• 2. • Twin studies have suggested that concordance rates for monozygotic (identical) twins is around 80% while concordance is approximately 30% for dizygotic (fraternal) twins. • Overall, twin studies suggest an average heritability of .80. • Studies resulting from the Human Genome Project have also identified specific genes that are thought to be related to this disorder. Included here is the “dopamine type 2 gene” which has been found to be related to ADHD as well as Tourette’s and alcoholism. More recently have been the isolation of a "dopamine transporter gene" and a “dopamine repeater gene”, both of which are related to a neurotransmitter that has been heavily implicated in ADHD. • The "dopamine repeater gene (which is characterized by multiple copies) is especially of interest in that it has previously also been associated with the personality trait of novelty-seeking and has been found to be related to post-synaptic sensitivity in the frontal and prefrontal cortical regions and to be associated with executive functions. This gene has been found to be associated with ADHD in multiple studies with children, adolescents, and adults. With developments in molecular genetics occurring at an increasingly rapid rate, it is conceivable that, in the fairly near future, we may have genetic tests that can provide early screening for ADHD and possibly associated comorbidities. Genetic factors are clearly strongly implicated in the development of this disorder. Indeed, hereditary is one of the most well supported etiological factors in the development of ADHD. ENVIRONMENTAL TOXINS One such environmental factor which may be neurologically compromising is environmental lead. In animal studies with rats it has been found that increased lead burdens are associated with increased hyperactive behavior. While the relationship between lead burden and ADHD in children is not necessarily a strong one, there is some evidence that it may be a contributing factor in the development of hyperactive behavior and other symptoms of ADHD. As Barkley has noted, studies have typically found "small and consistent relationships" between lead levels and ADHD. It must be noted, however, that even with relatively high lead burdens, less than 38% of children are rated as hyperactive by teachers. Most lead poisoned children do not develop ADHD. And, most ADHD children do not have significantly elevated lead burdens - although at least one study has found them to have higher lead burdens than normals.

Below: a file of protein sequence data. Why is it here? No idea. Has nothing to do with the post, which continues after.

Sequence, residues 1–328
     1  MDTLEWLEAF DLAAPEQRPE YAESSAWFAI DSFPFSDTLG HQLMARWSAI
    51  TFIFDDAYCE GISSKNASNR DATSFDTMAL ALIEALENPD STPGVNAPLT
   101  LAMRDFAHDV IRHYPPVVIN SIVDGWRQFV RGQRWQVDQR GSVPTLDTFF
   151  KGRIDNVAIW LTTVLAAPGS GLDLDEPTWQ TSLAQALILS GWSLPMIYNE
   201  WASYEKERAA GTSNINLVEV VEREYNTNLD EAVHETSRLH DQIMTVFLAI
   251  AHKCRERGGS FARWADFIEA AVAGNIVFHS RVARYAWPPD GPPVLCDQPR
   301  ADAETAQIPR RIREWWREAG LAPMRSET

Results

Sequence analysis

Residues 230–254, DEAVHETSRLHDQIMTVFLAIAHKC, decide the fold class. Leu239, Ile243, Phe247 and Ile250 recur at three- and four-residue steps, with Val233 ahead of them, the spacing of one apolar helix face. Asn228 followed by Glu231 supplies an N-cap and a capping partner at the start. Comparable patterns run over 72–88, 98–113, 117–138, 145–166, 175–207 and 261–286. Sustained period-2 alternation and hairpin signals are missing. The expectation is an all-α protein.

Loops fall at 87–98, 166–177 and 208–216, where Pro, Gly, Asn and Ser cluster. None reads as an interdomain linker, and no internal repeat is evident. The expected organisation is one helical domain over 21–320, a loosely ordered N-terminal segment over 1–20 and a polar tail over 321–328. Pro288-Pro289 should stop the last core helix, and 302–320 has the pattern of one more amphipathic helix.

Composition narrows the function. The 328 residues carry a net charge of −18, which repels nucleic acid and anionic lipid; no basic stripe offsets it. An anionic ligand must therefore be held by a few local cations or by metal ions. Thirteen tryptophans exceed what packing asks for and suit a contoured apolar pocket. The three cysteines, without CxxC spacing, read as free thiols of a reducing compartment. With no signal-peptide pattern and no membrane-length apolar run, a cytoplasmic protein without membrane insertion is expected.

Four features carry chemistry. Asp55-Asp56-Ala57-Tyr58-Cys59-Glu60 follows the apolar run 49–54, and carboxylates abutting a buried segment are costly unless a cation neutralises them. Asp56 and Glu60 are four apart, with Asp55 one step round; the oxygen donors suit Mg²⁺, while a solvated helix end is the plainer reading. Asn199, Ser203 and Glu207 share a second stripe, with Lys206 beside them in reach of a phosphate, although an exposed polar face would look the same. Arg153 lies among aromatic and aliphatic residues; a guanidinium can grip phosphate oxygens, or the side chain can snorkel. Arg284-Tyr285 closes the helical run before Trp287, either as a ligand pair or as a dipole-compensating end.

• 3. It has been suggested that probably no more than 4% of the variance in the expression of ADHD symptoms can be accounted for by lead levels. Lead levels may simply be one of a number of factors that can contribute to hyperactivity under some circumstances. Other types of toxins that have been found to be associated with ADHD are prenatal exposure to alcohol and cigarette smoke. Parents of children with ADHD do consume more alcohol and smoke more tobacco that those in control groups, even when not pregnant. Most studies have not studied children actually diagnosed as ADHD and most have not considered the presence of ADHD in parents. There is at least one study which suggests that the relationship between smoking during pregnancy and ADHD holds even after controlling for symptoms of ADHD in the parent. A major problem with lead, alcohol and smoking studies is the failure of studies to use standard diagnostic criteria and to control for parental ADHD. THE ROLE OF NEUROLOGICAL IMPAIRMENT Brain damage of some sort has long been thought to be a contributor to ADHD. And, there is evidence that factors that can result in brain damage are associated with ADHD. • For example, anoxia, is associated with increased frequencies of hyperactivity and attentional problems. • ADHD also occurs more often in children with seizure disorders, who can be presumed to have neurological involvement. • As was noted earlier, diseases such as encephalitis can also result in symptoms of ADHD as can various types of infections. • And, it is also clear that ADHD can result from significant head injury. Such findings suggest that neurological insult can result in an increased probability of developing ADHD. However, most children with ADHD do not have a significant history of brain injury. Indeed, such injuries are unlikely to account for the development of ADHD in most children. In an early review of this literature by Dubey (1979) it was suggested that probably 95% of hyperactive children show no evidence of documentable brain damage. While children with ADHD often show many “soft neurological signs” they typically do not show evidence of frank brain damage.